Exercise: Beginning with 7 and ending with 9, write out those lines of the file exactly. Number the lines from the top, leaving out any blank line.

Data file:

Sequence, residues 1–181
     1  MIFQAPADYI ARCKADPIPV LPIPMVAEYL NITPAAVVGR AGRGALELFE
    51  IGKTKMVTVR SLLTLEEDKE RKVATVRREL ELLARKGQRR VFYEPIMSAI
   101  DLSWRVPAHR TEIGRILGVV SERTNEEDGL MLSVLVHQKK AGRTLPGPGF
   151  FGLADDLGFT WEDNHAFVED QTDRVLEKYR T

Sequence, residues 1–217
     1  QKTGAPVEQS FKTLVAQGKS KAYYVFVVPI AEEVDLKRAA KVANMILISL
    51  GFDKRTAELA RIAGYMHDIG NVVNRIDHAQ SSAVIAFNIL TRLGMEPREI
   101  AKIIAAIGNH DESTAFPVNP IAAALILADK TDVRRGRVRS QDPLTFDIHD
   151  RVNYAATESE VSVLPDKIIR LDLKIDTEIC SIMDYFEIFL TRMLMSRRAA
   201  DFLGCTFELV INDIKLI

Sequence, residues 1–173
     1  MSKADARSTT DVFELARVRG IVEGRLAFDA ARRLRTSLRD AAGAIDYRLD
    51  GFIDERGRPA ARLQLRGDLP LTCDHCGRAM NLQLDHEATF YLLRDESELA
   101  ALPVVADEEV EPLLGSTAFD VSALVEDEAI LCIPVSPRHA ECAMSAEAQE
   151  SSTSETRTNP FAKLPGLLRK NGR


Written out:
     1  QKTGAPVEQS FKTLVAQGKS KAYYVFVVPI AEEVDLKRAA KVANMILISL
    51  GFDKRTAELA RIAGYMHDIG NVVNRIDHAQ SSAVIAFNIL TRLGMEPREI
   101  AKIIAAIGNH DESTAFPVNP IAAALILADK TDVRRGRVRS QDPLTFDIHD